Your company hires an IT contractor to develop a system that sales can use to get clients price quotes for a custom product built to their specifications on the spot rather than taking weeks. The solution gives your company a competitive advantage.
When the developer’s contract ends, a competitor hires her. Six months later, your competitor has an identical product the developer created for your company.
In order to prevent this type of IP nightmare from happening at your company, follow these tips for protecting your intellectual property when working with IT contractors.
1. Vet your contractors
First, get to know who you are contracting with before retaining or even interviewing them. Is the contractor dependable? Does the person do quality work? Can the person be trusted with the proprietary information that you entrust them with? These questions can often be answered by companies that previously worked with the contractor.
2. Require all prospective contractors to sign an NDA
Before entering into any contractual agreement with an outside contractor, or even telling the person about your project, have the contractor sign a non-disclosure agreement that commits the contractor to not share information related to your project with others. The NDA makes the contractor personally liable if they breach this confidentiality agreement.
3. Conduct a legal review of your IP before starting projects
Before employing an independent contractor, you should build into the contract as many legal protections for your project as possible. It’s wise to review the legal protection mechanisms that are available for the project and consult with legal counsel as needed.
One step is to review U.S. Patent and Trademark Office rules and regulations to see how your project can be protected from infringement.
If you will be working with an offshore contractor, it is also advisable to check the IP protection rules and regulations in the contractor’s country so you can note any differences between the country where your company is based. If there are differences, the contract should include the IP protections for your project that address the rules and regulations of both countries.
4. Document that your company owns the contractor’s work products
The contract should clearly state that all rights to the work product, including copyrights, are assigned to your company. If you fail to appropriately contract for those rights, the developer could argue that she also holds a legitimate ownership interest in the project deliverables that they helped to create for you.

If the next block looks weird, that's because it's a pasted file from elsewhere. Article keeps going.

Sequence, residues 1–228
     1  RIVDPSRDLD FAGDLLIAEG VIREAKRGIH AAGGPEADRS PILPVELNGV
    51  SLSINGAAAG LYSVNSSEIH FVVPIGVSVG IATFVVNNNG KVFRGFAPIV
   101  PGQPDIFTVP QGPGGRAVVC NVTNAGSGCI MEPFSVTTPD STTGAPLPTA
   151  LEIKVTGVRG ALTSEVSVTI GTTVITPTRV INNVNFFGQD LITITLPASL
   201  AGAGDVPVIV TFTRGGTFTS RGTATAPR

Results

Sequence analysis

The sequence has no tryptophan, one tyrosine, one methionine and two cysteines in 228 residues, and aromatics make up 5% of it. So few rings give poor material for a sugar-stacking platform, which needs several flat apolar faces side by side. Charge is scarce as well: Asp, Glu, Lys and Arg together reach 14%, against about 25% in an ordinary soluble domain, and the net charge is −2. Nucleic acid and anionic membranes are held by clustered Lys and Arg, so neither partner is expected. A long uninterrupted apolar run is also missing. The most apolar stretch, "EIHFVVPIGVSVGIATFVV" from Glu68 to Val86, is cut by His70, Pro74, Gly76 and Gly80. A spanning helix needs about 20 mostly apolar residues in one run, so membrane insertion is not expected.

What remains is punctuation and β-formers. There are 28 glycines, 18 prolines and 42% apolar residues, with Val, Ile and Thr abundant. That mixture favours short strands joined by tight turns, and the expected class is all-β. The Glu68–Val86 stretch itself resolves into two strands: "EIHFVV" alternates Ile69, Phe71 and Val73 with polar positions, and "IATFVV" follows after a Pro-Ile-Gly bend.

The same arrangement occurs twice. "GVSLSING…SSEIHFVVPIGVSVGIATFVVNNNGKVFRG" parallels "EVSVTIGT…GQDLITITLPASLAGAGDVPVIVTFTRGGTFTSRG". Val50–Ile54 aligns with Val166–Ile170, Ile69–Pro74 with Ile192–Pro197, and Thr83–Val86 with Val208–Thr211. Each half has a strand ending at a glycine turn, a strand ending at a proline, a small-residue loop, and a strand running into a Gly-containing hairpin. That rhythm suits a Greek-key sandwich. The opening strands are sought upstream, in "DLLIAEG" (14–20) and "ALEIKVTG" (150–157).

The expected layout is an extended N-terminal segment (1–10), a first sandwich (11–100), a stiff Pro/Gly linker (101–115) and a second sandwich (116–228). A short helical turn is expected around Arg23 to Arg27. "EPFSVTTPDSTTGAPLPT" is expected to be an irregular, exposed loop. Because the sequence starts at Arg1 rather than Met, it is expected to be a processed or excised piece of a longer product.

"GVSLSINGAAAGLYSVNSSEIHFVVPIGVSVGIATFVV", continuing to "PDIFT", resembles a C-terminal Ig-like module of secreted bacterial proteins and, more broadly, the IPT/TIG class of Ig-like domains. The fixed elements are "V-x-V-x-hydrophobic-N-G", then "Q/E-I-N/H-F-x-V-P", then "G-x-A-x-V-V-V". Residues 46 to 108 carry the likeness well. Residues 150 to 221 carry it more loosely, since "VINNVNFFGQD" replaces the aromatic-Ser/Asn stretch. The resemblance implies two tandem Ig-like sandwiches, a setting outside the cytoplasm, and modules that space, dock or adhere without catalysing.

“By default, the copyright vests in the author of the copyrighted work,” said Mat Kresz, attorney at KreszLaw, a technology and IP law firm. “By default, the copyright vests in the person who wrote the code. Here, that author is a third-party developer, and not the company, and thus, the copyright vests in the developer by default. However, the contract between the company and the developer could be drafted to assign the developer’s copyright in the code to the company. Tech contracts can be complex, so it is best to seek counsel on facts that specifically apply to your situation.”
5. Control access to sensitive information
Everyone working on a proprietary project may not need to know every detail about it. For example, if an individual is tasked with writing a particular software module, that person might only need to know the specifications for developing that module.
6. Use thin client workstations and secure all code in the cloud
If you are engaging a contractor to write proprietary software, you could issue the contractor a company-owned thin client workstation that stores all code she develops in a highly secured cloud workspace, with no options to store data on the workstation or to extract information by using thumb drives. Workstation use, including the use of thumb drives, can be monitored and reported on 24/7 by IT.
7. Limit the number of project team members
The fewer people who know about and work on your proprietary project, the better protected it may be. This reduces the number of people who could deliberately or inadvertently leak IP information to others outside of the organization. In addition, you might talk to HR or IT about the best way to educate your full-time employees about why it’s essential to keep IP safe.
“Well-meaning, honorable people sometimes run afoul not because they intend to cause harm, but because they do not know any better — but nonetheless run afoul, and cause turbulence,” said Kresz. “But friendly reminders may very well help. Providing training to HR and to new employees regarding what constitutes IP, and what IP belongs to the company, and repeating those trainings throughout the year helps to remind employees that the IP they encounter, use and contribute to belongs to the company.”
In addition to these tips for protecting your IP, download TechRepublic Premium’s IT consultant code of conduct in order to create a standardized ethical, professional and behavioral code of conduct for your employees, contractors and subcontractors.
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